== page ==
Published: Monday, September 23, 2013, By Paul Post
Saturday’s Farm Aid concert, which included performances by Neil Young, John Melloncamp, Jack Johnson, Dave Matthews and Willie Nelson, drew about 25,000 people to Saratoga Performing Arts Center. >> Farm Aid concert-goers left a sea of white litter on top of the green earth the event’s organizers are trying to promote.
Sunnyside Gardens owner Ned Chapman donated pumpkins and flowers for Saturday’s sell-out concert and was dismayed at the scene he found Sunday morning when he went to retrieve those items from Saratoga Performing Arts Center.
The grounds also were strewn with countless beer cans from some of America’s biggest corporate giants. At the same time, Farm Aid mandated that all food concessions had to be from organic or sustainable family farms.
“It was a mixed signal,” Chapman said. “It became crystal clear that it was all about the money. That’s what it was.”
Farm Aid Communications Director Jennifer Fahy said, “Food and beverage at a venue is under the purview of the venue. Farm Aid makes an arrangement as part of our contract negotiations with the venue we play at each year to change out all the ingredients for concessions at Farm Aid so that they come from family farm sources. We are very proud to work with Aramark and Live Nation to accomplish this. This year we brought in additional vendors, such as the Taste New York tent, where concert-goers seeking beer could instead choose New York beers, wines and ciders that featured New York farm ingredients.”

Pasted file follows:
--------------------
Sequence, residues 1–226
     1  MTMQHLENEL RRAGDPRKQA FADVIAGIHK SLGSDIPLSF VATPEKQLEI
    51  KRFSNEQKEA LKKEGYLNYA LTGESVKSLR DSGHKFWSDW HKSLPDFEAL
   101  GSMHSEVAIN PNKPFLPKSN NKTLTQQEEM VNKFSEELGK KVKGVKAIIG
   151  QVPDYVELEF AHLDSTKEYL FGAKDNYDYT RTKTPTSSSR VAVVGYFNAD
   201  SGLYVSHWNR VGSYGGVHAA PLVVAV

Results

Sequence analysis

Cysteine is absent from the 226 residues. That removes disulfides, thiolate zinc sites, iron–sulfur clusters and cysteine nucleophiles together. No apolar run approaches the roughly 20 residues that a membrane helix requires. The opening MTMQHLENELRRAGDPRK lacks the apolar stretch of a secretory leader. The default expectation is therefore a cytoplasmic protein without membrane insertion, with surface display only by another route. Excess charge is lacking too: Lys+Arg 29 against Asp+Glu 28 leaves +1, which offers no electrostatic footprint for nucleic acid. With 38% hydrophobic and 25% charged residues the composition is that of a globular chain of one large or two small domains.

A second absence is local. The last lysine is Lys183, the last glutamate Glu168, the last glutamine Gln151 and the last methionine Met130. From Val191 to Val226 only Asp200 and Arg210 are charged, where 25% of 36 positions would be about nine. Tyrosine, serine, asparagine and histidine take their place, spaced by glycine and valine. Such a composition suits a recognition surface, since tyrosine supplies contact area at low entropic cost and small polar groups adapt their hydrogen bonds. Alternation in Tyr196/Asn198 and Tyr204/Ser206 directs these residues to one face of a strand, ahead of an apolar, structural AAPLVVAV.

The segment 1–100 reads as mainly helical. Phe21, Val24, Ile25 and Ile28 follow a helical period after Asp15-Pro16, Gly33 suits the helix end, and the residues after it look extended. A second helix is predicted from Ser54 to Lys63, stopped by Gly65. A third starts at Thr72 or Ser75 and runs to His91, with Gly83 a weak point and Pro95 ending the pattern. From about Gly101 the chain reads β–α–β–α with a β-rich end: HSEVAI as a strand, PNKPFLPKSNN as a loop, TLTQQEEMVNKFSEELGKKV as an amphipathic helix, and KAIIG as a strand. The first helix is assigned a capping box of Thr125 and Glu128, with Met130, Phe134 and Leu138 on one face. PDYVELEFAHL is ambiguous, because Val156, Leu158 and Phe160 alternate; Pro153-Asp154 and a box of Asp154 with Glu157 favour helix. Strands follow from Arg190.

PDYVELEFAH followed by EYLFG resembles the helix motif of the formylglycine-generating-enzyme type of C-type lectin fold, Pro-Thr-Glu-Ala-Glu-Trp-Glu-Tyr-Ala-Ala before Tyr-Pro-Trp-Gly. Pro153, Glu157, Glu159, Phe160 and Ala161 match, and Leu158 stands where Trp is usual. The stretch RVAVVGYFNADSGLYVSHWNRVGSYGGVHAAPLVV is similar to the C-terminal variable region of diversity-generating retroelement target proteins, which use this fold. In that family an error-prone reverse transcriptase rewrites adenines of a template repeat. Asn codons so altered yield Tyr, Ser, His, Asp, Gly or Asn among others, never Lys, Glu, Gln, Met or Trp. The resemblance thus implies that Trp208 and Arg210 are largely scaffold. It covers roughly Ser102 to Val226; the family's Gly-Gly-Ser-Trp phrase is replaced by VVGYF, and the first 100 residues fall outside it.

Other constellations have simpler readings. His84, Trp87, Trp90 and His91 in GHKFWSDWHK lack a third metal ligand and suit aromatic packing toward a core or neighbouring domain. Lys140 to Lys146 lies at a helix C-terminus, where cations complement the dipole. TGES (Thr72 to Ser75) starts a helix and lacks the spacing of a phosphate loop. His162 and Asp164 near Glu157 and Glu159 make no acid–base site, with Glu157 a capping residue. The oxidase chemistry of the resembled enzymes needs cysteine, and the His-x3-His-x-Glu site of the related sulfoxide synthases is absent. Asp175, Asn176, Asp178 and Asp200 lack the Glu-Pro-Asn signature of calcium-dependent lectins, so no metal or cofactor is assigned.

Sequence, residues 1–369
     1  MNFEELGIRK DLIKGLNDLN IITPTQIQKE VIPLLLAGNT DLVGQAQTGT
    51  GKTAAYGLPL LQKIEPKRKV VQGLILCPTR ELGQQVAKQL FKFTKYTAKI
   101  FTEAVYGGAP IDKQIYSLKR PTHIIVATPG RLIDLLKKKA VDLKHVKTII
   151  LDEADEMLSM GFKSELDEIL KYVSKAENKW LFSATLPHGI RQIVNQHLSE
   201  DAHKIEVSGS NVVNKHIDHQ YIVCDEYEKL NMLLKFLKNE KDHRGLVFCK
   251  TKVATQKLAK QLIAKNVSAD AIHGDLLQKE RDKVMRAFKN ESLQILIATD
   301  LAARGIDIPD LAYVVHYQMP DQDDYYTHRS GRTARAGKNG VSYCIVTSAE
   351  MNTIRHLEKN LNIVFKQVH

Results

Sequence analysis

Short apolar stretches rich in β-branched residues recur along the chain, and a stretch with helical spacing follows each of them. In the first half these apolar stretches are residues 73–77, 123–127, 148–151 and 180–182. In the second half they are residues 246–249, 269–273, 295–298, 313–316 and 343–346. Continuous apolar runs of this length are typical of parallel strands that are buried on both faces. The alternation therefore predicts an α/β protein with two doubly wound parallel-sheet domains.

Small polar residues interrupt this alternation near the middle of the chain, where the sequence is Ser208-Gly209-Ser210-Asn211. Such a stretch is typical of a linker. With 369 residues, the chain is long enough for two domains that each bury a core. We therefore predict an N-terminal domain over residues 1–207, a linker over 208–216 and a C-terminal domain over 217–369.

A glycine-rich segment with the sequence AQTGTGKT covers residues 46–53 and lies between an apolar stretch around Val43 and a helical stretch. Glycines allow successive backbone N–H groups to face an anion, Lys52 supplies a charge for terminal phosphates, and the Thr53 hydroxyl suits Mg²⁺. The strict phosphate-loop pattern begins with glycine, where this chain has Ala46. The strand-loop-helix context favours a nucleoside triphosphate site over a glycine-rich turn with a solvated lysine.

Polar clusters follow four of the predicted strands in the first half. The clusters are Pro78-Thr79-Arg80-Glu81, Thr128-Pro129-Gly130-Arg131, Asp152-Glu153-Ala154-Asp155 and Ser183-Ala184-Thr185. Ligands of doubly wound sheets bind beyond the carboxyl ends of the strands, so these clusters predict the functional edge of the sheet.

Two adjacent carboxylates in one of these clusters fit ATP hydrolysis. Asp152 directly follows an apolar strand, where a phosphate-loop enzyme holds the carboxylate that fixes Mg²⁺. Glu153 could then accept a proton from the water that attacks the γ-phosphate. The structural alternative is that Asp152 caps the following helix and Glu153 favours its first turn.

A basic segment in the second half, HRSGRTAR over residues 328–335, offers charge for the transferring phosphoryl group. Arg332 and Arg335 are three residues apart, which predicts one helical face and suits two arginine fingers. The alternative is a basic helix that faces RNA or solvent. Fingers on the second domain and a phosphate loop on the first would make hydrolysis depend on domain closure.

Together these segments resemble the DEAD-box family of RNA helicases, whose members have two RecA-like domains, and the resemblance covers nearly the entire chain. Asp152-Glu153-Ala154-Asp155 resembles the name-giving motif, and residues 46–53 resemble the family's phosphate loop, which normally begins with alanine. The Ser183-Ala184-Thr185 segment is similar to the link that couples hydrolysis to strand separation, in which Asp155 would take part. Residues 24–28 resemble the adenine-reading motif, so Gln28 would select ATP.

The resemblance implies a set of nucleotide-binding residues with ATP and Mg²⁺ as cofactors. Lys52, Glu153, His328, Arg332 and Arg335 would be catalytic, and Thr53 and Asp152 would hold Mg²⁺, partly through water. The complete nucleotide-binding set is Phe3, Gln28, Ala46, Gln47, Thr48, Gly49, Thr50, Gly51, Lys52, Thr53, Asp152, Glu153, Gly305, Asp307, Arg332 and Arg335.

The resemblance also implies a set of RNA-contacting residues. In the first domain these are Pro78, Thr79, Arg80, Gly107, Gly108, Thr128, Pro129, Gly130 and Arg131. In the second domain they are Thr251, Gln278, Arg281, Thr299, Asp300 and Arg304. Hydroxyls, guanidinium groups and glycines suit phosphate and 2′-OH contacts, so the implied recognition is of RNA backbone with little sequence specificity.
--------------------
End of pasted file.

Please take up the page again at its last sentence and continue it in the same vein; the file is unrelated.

The full line of performers, including headliners and Farm Aid board members Willie Nelson, John Mellencamp, Neil Young and Dave Matthews, donated their time and talents for the annual benefit concert, which raises money for the “Good Food Movement” that emphasizes fresh, locally grown food. This was Farm Aid’s first time in upstate New York since its founding 28 years ago in Illinois.
But Vincek Farm owner John Vincek of Wilton said, “They really should have promoted all the farmers, not just organic farms. Imagine trying to feed the whole country with early 1800s farming methods? There are too many people on the planet. You’ve got to embrace modern technology.”
Vincek, who donated hay and straw, said he was surprised at the event’s aftermath, too.
“It looked like a war zone,” he said. “These people are supposed to be about save the Earth. They had no problem throwing trash on the ground.”
Chapman is president of New York Flower Power, which promotes the state’s $400 million garden center and greenhouse industry. He is also a New York State Christmas Tree Growers Association board member.
finally a text file =;)